- It is safe to run in the rain as long as it is not thundering, lightning, or you can’t see.
- To run in the rain, wear proper clothing, shoes with good traction, and reflective gear.
- Running in the rain can be beneficial in preparing you for tough race day conditions.
- Visit Insider’s Health Reference library for more advice.
Most runners know the feeling: You’ve just finished lacing up your shoes and are ready to hit the pavement when you notice the first few tell-tale plops of raindrops plummeting from the sky.
While you may think it’s time to call it quits or begrudgingly hop on the treadmill, there are some precautions you can take to ensure a safe and comfortable run in the rain.
Is it safe to run in the rain?
Runners should always check the weather forecast the night before their runs, says Ryan Miller, a head running coach for the Maverick Running Community. This will help you determine when to schedule your run to avoid dangerous conditions.
Although it’s generally safe to run in the rain, your performance may take a hit.
“Performance in the rain depends on the conditions you’re running in,” says Springer. “The heavier the rain, the more likely your performance will suffer. She suggests going into your run with the expectation that you might not perform as well as usual.
General advice: Scale back your pace expectations at least 10 to 15 seconds per mile in light rain, and down to one to two minutes per mile in heavy rains with high wind conditions, says Miller.
“Your body will still reap the benefits of the run even in the tougher than normal conditions,” he says.
How to run in the rain for optimal performance
If you want to run in the rain, there are a few important safety measures you should take.
1. Wear the proper clothing
Wearing the right clothes can help improve your running performance during a drizzle.
Keep in mind that everything you wear during a rainy run will absorb water, adding extra weight, says Miller.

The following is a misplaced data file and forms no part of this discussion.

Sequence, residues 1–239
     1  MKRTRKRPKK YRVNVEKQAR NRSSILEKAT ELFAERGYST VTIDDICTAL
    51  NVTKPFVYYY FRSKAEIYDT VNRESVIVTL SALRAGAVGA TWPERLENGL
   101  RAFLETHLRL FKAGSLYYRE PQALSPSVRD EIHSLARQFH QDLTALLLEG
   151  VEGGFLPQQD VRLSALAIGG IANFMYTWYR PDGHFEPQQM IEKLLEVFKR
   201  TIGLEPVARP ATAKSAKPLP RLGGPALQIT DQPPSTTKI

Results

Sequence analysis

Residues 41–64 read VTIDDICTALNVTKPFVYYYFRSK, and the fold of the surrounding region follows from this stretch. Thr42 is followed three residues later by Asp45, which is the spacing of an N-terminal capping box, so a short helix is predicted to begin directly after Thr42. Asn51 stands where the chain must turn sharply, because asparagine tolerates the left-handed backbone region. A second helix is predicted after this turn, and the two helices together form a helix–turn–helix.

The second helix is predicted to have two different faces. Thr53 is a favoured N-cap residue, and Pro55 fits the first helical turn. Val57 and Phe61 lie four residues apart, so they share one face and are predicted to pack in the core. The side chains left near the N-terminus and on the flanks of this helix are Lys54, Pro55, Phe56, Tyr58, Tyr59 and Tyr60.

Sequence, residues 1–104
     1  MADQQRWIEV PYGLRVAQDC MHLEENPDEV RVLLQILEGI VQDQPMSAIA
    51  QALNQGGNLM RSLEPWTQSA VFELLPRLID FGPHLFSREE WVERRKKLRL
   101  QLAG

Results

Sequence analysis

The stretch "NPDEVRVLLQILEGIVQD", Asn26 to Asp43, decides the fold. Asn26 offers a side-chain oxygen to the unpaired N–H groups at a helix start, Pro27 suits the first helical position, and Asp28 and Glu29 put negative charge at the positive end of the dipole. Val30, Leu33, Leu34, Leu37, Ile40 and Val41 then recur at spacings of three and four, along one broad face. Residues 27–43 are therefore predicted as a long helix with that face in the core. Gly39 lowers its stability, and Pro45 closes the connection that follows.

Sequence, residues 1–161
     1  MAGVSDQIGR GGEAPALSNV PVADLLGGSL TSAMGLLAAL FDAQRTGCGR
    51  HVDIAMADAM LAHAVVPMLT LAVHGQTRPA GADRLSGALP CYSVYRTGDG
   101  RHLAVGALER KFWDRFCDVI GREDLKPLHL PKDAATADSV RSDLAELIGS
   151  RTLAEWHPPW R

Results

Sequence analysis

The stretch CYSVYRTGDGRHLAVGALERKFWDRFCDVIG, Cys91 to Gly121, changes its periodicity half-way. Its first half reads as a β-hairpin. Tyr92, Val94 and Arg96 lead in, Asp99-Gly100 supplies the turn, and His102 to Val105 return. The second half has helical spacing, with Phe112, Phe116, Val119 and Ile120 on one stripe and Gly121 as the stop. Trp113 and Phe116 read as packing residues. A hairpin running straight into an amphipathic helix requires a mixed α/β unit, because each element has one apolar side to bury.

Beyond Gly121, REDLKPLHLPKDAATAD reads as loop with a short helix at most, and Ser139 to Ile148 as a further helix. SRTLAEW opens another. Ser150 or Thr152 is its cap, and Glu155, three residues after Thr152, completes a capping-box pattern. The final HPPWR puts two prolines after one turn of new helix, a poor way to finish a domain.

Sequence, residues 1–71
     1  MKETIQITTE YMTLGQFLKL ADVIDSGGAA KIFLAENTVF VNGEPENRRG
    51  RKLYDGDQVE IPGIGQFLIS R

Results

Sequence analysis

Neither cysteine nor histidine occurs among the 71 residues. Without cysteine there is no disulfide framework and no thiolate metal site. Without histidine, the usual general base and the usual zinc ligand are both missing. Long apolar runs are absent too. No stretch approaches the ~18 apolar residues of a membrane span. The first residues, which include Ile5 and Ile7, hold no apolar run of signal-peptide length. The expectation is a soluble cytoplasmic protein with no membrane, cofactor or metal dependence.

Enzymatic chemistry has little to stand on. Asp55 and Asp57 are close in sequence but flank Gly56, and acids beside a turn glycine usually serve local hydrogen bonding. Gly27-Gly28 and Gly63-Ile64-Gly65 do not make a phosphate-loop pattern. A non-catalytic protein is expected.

One way to alleviate this is by wearing moisture-wicking fabrics, says Springer. These fabrics work by pulling moisture away from your body and repelling water.
Miller suggests wearing a waterproof windbreaker and a snug-fitting wicker-cap to keep the rain out of your eyes
Important: Change out of wet clothing as soon as you finish a run as wearing damp clothes after a workout may lead to infections or chafing.
2. Wear running shoes with solid traction
It’s important to wear shoes with good traction in order to better grip the ground.
“The surface you are running on will be slicker during the rain and could even border on dangerous if the outsole on your shoes are worn down,” says Miller.
You can tell if your running shoes have lost proper traction by looking at the soles. If they are worn down or torn up, that means it’s time to replace them.
General advice: When you wrap up your run, set your shoes out to dry overnight. “I stuff mine with newspaper, which helps dry them quicker,” says Springer.
3. Increase your visibility
If you are running on the road during heavy rain, it’s important to make yourself visible to drivers to prevent accidents “I take into account that if I’m running on the road and it’s raining so hard that I can barely see, it’s likely a driver can’t see me,” says Springer.
Benefits of running in the rain
In general, rain tends to make for slower runs, except light rains that cause a temperature drop.
“Rain can bring the temperature down quickly and significantly, which can make running in hot summer temperatures less strenuous and increase performance,” says Miller.
If you are a competitive runner, running in the rain can also help prepare you for race day. “It’s inevitable that you’ll encounter a race day in the rain so training in all conditions can be beneficial,” says Springer.
It’s generally safe to run in the rain as long as you avoid running during lightning, thunderstorms, or extremely heavy rain.
You can make rainy weather runs more comfortable and safe by wearing moisture-wicking clothing, reflective gear, and ensuring your running shoes have plenty of traction.
Springer says one phrase she reminds herself of when running in the rain is, “there is no such thing as bad weather, just bad gear.”
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